This week we had an early Monday morning start in Elbasan, which means that all the volunteers caught furgons heading toward the city in order to meet at the PC office by 8:30. For Chris and me this was a chance to actually sleep a few precious moments longer, since all we have to do is walk out front to the main road and flag down a passing van, rather than walk 30 minutes into Cerriku.
Sort of an odd schedule today, rearranged because the US ambassador was visiting in the afternoon. So we took language class in the morning, followed by some routine PC health and safety trainings, then after lunch we had an hour or so to speak with the ambassador. Very formal—we were told to dress up, stand when he enters/ leaves, and to address him as “Mr. Ambassador”. Not all too thrilling but I guess it’s a necessary gesture…
Hub days are a lot of fun—actually I think every day is a lot of fun. I must be one of the more positive people in the group because I am loving the experience so far. Even when I’m uncomfortable-- like in the cold, when its rainy, when people stare at us, when my host mom serves me French fries and potato soup for dinner at 10 pm, etc.—I still enjoy getting up for class, visiting Elbasan, hanging out at the posh internet café, grabbing lunch with the other PCTs. Maybe this is more like the day-time college social life I never had? Or maybe I’m content because I don’t think about where I will sleep at night or fret about money like I did while backpacking SE Asia? However it happens, I got the impression that other people are not adjusting as well to the set up here quite yet.
And on that note—I’ve got a nasty cold! My throat is sore and itchy, I’m producing enough phlegm to compete with the Ghostbusters 3 river of slime, and sometimes my voice runs out completely mid sentence. But it’s alright—I’ve got plenty of medicine in my kit and I think it will pass in a day or two. Maybe I should read more Harry Potter because despite all of the vitamins I take I don’t understand why my white blood cells haven’t mastered the defense against the dark arts.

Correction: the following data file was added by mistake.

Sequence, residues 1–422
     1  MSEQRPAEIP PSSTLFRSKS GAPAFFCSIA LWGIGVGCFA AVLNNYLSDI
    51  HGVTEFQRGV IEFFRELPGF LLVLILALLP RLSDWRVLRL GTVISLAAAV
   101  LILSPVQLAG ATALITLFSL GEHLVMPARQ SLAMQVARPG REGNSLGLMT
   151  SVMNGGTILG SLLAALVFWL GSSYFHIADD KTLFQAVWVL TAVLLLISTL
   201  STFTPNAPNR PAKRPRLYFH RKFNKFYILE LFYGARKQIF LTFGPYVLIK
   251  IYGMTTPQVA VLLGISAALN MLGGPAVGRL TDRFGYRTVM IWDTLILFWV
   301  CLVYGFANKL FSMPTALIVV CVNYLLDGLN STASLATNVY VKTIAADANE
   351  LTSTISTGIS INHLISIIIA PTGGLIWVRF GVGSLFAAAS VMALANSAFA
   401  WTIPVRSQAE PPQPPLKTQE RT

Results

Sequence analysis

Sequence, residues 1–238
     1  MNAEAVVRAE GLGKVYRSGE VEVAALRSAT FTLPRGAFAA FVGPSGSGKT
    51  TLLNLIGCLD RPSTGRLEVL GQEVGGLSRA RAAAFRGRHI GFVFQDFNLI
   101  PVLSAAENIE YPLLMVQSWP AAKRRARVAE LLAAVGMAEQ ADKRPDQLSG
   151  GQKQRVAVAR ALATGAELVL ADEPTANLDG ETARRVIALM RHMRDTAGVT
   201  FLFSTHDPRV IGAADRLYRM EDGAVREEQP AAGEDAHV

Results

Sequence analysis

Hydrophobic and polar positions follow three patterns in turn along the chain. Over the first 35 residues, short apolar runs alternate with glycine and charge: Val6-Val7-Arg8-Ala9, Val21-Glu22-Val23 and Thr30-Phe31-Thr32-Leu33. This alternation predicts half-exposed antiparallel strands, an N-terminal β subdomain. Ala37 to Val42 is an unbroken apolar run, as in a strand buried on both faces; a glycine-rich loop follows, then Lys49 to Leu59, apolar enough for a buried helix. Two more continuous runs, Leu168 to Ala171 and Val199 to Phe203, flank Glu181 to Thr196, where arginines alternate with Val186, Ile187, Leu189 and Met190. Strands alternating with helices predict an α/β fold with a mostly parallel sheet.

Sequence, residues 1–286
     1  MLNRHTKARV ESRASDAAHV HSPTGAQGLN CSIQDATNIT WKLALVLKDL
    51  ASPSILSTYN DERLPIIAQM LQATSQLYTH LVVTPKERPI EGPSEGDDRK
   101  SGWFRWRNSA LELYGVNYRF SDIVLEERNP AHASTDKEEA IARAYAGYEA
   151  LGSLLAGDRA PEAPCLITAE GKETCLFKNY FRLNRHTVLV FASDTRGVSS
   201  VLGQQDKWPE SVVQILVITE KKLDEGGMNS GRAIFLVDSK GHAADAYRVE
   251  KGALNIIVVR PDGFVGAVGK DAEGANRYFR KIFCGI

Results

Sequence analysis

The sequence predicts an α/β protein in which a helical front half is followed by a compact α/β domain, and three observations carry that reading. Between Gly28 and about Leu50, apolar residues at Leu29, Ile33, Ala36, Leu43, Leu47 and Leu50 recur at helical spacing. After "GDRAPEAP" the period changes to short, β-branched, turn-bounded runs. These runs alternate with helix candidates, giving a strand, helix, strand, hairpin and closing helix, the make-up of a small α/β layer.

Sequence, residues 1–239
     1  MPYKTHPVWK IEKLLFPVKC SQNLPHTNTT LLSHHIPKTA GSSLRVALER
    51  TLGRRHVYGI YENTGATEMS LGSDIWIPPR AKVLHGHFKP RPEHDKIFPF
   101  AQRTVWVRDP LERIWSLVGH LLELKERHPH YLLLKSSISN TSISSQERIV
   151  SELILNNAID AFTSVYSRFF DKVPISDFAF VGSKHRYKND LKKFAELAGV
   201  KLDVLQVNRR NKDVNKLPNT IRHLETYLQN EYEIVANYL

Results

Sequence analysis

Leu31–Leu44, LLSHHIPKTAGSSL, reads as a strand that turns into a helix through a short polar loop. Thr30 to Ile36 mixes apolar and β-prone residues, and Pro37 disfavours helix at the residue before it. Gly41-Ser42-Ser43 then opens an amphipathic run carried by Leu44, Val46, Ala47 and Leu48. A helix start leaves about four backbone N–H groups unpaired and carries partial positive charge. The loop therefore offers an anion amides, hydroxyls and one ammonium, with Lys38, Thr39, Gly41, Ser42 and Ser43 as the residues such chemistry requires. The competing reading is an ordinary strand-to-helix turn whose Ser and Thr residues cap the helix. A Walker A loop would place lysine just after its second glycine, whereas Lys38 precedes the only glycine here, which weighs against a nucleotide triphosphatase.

I learned some imperative commands today: ‘hayde’ [hi- duh] = “come here”; ‘dil’ [deel] = “go out”; ‘hap’ = “open”; ‘mbyll’ [muh-bull] = “close”.
Oh yes and I don’t think I’ve described what the housing is like around here—there are tons of large half-finished homes scattered around the landscape. Most towns just pop up alongside the “main road” heading south from Elbasan. Restaurants and homes all looks the same—large, 2 or 3- story concrete structures usually painted soft colors. Inside they are all pretty similar: the doorway opens to the family room/ kitchen where the wood burning stove is. Everyone hangs out here because it’s the only warm place and they sure like their family-time! Homework is done while the TV blasts racey Shqiperi music videos and relatives shout loudly as they sip kafé and raki. I assume in the summer time (we’ve been told is blisteringly hot here because absolutely no one has A/C) it must be nicer to be in a concrete room, especially at our house where the upstairs has full window panels that we can open to get a breeze. Chris and I have the whole upstairs, which is another family room with TV and computer, a bedroom, a bathroom, and balcony. In the morning I walk outside and stretch myself awake as I peek out at the neighbors, fields, animals, and distant factories.
So that is my life so far in Albania! I’m sure there are tons of details I’ve forgotten because they have become so natural to me already, but I will try to post pictures and maybe that will help you envision it….!